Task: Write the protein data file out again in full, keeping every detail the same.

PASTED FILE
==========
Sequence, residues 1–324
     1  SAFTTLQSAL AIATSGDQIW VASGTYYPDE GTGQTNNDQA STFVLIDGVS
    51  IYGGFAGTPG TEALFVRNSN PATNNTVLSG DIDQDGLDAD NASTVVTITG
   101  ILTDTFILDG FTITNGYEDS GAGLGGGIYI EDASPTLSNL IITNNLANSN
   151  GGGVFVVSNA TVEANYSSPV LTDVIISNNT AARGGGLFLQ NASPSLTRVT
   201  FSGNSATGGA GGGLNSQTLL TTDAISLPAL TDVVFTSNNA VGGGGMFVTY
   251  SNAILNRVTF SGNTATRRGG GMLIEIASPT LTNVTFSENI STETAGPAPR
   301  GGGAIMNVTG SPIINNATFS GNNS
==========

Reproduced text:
Sequence, residues 1–324
     1  SAFTTLQSAL AIATSGDQIW VASGTYYPDE GTGQTNNDQA STFVLIDGVS
    51  IYGGFAGTPG TEALFVRNSN PATNNTVLSG DIDQDGLDAD NASTVVTITG
   101  ILTDTFILDG FTITNGYEDS GAGLGGGIYI EDASPTLSNL IITNNLANSN
   151  GGGVFVVSNA TVEANYSSPV LTDVIISNNT AARGGGLFLQ NASPSLTRVT
   201  FSGNSATGGA GGGLNSQTLL TTDAISLPAL TDVVFTSNNA VGGGGMFVTY
   251  SNAILNRVTF SGNTATRRGG GMLIEIASPT LTNVTFSENI STETAGPAPR
   301  GGGAIMNVTG SPIINNATFS GNNS